"We just don't sleep," Lewis says, his long brown hair tucked under a mud-caked green hat embossed with the logo of the horse ranch. "I get up in the morning and do some band promotion and then go to work. I fix what gets broken -- because the horses are always breaking something -- do the yardwork, and help with the breeding." But it's worth it. "I love it out here -- I love the peace and quiet."
Lewis says that he sometimes tires of driving up to Brooklyn to practice with the rest of his band, which also includes guitarist Paul Konjicija, guitarist Sean Perry, singer Ty Cook, and drummer Paul Kostyack, but playing heavy metal is something he can't get out his system -- even though he's tried. Several years ago, he considered selling his equipment when he decided to focus on his healthcare career more than his music, but his wife talked him out of it. "I think she regrets it now," he jokes.
Lewis initially started playing in the late '80s with a cover band that could do "every song Metallica had written, up until that point." After a short stint in Maryland, where he worked as a teacher, he joined a more modern rock band when he moved to Pennsylvania. But it proved to be short-lived, because "the guys in the band smoked too much dope before shows and would screw up the Iron Maiden songs we played." Again Lewis took a break, before joining Antithesis in 1997 by answering a "musician wanted" ad placed by Perry.
"I had auditioned, and since I'm pretty off-the-wall in my writing, Sean [Perry] said, 'What is that you're playing?'" Lewis recalls. "I told him it's jazz, but it's metal-based. And he was okay with it."
Lewis admits that Antithesis -- which last summer performed before crowds of several thousand at festivals in Minnesota and Wisconsin -- plays a style of music that was more popular in the '80s, when bands such as Dream Theater, Queensryche, and King Diamond were popularizing progressive metal, a style of music characterized by complex chord changes and esoteric lyrics.
"It's very '80s oriented, with more of a '90s progressive edge to it," he says of Antithesis, which will release its second album, Dying for Life, this month. "The only thing we don't have from the '80s is that high-pitched, squealing metal voice. I hate that."
One additional difference between Antithesis and other metal bands with progressive leanings is that all of the members of Antithesis are Christian and write songs that reflect those beliefs. The band has started to attract a strong Christian following, even though its music is the kind of bombastic stuff you wouldn't associate with the Christian rock scene.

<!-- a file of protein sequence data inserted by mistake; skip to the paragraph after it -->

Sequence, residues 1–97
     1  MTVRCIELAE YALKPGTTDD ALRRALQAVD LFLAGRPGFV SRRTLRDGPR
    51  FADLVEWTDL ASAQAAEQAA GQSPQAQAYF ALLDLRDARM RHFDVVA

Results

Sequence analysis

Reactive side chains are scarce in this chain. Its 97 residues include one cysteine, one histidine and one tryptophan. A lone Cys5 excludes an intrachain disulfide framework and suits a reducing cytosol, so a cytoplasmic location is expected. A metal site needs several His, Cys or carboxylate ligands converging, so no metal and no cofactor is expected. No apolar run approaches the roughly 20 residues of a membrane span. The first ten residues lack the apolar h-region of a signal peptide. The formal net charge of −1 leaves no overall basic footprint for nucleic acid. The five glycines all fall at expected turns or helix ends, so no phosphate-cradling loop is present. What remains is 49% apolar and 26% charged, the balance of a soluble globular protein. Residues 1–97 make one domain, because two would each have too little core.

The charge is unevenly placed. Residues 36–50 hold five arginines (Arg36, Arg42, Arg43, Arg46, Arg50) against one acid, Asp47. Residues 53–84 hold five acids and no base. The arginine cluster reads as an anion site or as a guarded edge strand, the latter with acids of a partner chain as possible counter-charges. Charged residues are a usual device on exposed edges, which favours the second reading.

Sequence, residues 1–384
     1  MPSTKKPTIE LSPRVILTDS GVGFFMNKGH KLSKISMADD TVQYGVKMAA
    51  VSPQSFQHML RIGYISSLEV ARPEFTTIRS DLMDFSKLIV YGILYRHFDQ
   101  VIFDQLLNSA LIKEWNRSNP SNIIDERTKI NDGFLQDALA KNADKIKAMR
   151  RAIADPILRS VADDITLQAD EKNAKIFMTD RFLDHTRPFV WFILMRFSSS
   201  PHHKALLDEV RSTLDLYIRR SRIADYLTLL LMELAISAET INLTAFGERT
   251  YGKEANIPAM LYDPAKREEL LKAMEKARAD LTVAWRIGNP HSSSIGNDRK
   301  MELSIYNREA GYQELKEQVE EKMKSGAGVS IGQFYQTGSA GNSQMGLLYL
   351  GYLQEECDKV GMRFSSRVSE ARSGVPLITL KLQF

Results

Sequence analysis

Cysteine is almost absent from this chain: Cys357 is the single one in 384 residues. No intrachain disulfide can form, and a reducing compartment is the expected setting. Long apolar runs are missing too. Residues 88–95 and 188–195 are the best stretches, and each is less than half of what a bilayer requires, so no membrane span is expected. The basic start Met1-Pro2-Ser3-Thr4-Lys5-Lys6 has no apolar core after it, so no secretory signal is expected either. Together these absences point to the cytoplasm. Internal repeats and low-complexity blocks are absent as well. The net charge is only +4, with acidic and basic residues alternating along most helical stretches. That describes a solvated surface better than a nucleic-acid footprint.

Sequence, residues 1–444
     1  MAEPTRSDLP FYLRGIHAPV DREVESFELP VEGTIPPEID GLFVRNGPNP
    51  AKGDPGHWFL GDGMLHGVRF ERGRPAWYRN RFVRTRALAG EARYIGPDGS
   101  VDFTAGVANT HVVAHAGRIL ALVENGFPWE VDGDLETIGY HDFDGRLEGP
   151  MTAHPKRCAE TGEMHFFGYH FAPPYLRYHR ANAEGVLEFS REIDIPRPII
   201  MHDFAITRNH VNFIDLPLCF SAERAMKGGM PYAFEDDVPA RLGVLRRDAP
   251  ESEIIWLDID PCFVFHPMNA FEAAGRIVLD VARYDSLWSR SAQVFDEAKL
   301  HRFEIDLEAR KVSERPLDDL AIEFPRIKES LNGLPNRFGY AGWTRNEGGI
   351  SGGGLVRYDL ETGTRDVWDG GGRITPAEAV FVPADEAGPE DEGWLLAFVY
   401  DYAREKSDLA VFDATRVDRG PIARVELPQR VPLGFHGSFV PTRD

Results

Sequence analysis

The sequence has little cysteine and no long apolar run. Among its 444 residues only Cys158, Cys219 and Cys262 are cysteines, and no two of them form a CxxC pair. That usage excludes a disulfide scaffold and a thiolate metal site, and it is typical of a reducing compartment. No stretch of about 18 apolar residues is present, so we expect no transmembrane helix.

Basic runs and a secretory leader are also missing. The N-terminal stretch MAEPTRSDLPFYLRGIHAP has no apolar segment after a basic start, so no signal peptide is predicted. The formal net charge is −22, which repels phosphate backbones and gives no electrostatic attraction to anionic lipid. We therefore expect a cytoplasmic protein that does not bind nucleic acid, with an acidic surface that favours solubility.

"For every style of secular music, there's a Christian band that is its counterpart," Lewis explains. "There's a lot of Christian death and black metal bands. They play super-fast black metal -- but with a positive message. That genre of the Christian scene is growing very quickly. I like those bands, but I can't handle the vocals."
Ironically enough, it's the band's Christian fans, not the headbanging hard-rock contingent, who give Antithesis the hardest time.
"It's kinda funny," Lewis says. "The Christian community is really harsh. We played with King Diamond last summer, and a bunch of people sent me hate mail asking why we would do that. I don't have time for shallow people. They should just go away. 'Why would you go play with a known Satanist?' they said. But it's just another religion, and if you don't agree with it, that's your problem."
One fan has even told Lewis that he's a practicing Satanist, but Lewis didn't write the guy off. "I don't care what you believe," he says. "You don't have to believe what I believe."
As a truck filled with hay rolls up to the Amish-built barn in his backyard, Lewis contemplates the band's future -- it's almost as if he's trying to predict the season's harvest. Antithesis, which is negotiating a licensing deal in Europe, has been featured in metal magazines in Germany and Holland, places where old-school metal still thrives, and Lewis is confident that with the right record label, the group could sell twice as many records in Europe as it does in the U.S.
"There's too much growling and barking," he says, of the domestic metal scene. "Everyone wants to be Pantera. I can't hear the f-word every other sentence; it just irritates me. Not that I don't use it. But I think it's rude and unprofessional. I don't see the point of calling the crowd a mother-effer. I understand why they did it originally, but it's over. Let's do something else. You look at the new metal bands, and their names are Anal this and Anal that. Why? Marilyn Manson has broken the shock value. I don't know why everyone is trying to be meaner and nastier."